- On March 15th 1939, shortly after the then Czechoslovakia was taken by Nazi Germany, Adolf Hitler spent a night in the castle.
- Every year about 1,8 million tourists visit this keep in Prague.
- When it’s dark, the Prague castle is being illuminated in a brilliant way and we have none other than the Rolling Stones to thank for it. The iconic band was one of the first international concerts after the Velvet Revolution in 1989 and its members befriended Czech president Vaclav Havel. According to a local legend, Praha castle was discussed, whereby the Americans expressed their admiration for it. However, they thought it was a pity that it couldn’t be seen at night. The president had other things to worry about back then, so the band members decided to shell out 32,000 dollars to provide the castle with lighting.
Three nice hotels near the Prague Castle
The neighborhood surrounding this UNESCO World Heritage Site is a particularly fun and quiet area to spend the night. To help you out I’ve chosen three nice hotels in every price range.
- ticket for Prague castle with a transfer included (51 euros for a double room)
This hotel is located in a seventeenth century building and every room is equipped with antique Czech furniture and original oil paintings. Simple yet elegant.
- Boutique Hotel Constans (71 euros for a double room)
This hotel is situated right below the Prague castle and is lodged in three renovated buildings from the sixteenth century. The rooms are spacious and stylish, which as it were allows you to spend the night in the grandeur of the past.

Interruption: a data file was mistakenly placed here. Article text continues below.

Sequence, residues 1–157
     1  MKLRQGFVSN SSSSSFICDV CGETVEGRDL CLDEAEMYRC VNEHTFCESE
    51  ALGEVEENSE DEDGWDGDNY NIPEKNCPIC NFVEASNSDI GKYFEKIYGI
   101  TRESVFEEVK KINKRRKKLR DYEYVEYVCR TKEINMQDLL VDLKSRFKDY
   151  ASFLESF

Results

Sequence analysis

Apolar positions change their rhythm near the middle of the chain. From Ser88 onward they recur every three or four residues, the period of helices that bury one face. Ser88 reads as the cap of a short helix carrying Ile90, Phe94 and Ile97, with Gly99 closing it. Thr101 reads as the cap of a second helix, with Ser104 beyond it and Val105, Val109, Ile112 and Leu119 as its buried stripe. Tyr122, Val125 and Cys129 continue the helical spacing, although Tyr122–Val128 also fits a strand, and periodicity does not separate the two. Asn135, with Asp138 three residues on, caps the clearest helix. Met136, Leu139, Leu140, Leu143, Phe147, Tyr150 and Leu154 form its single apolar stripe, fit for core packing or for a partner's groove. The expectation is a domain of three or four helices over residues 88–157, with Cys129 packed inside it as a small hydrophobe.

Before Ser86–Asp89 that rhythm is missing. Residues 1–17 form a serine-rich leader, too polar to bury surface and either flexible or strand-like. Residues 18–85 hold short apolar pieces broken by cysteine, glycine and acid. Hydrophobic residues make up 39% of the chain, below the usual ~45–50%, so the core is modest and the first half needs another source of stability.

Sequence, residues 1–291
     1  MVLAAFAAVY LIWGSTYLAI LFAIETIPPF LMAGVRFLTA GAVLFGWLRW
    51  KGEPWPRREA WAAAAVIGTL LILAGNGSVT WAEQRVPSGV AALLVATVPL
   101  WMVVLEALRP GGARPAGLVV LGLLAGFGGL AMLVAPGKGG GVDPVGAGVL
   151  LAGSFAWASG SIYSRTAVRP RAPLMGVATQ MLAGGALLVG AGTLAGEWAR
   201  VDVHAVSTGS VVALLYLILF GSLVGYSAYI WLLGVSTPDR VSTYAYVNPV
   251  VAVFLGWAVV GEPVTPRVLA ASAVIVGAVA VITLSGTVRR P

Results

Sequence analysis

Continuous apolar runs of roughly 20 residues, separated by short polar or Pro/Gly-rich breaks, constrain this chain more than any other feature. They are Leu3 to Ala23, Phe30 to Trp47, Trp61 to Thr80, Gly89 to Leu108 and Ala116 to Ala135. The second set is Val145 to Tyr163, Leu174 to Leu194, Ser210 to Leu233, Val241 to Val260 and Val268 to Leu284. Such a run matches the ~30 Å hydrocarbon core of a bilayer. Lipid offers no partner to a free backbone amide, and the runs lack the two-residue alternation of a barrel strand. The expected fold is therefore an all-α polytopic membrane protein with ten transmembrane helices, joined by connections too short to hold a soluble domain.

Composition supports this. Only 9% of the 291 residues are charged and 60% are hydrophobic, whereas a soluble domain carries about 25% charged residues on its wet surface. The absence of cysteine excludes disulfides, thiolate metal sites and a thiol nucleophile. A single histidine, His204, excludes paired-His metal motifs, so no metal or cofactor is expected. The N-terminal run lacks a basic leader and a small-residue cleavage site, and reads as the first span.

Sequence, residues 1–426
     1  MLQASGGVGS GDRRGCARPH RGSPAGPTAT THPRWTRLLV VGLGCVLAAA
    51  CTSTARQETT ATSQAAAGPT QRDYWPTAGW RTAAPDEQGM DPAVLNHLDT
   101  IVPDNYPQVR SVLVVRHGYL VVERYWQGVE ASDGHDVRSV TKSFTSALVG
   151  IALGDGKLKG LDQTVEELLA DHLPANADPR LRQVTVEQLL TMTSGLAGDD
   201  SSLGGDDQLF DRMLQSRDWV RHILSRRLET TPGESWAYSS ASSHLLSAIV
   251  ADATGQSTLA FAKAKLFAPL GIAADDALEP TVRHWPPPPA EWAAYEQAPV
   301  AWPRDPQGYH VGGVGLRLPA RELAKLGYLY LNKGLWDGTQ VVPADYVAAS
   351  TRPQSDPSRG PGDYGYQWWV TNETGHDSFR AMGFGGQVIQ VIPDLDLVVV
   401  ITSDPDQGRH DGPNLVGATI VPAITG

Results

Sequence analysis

- Alchymist Prague Castle Suites (182 euros for a double room)
You can reside as a Czech king and queen in this luxurious hotel. You won’t only bathe in luxury, but also in the marble bathrooms which were originally designed in 1930. You can relax in the sauna, hot tub or lounge with library. On top of that, there’s also a gym.
The great thing about visiting the Prague castle is that you get to choose how much time (and money) you spend here. You can easily walk around for an hour without going into any places, or you can enjoy a detailed guided tour. Just make sure you’ve definitely been here during your trip to Prague!
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Hi, I'm Sam Van den Haute. The last three years I've been traveling the world almost constantly. Heading out for an adventure and visiting the most beautiful places are what I love to do! Let me inspire you with great stories, beautiful pictures and handy tips from my adventures and travels. On my facebook page and instagram account you'll get to see the latest updates and photos to inspire you for your next vacation.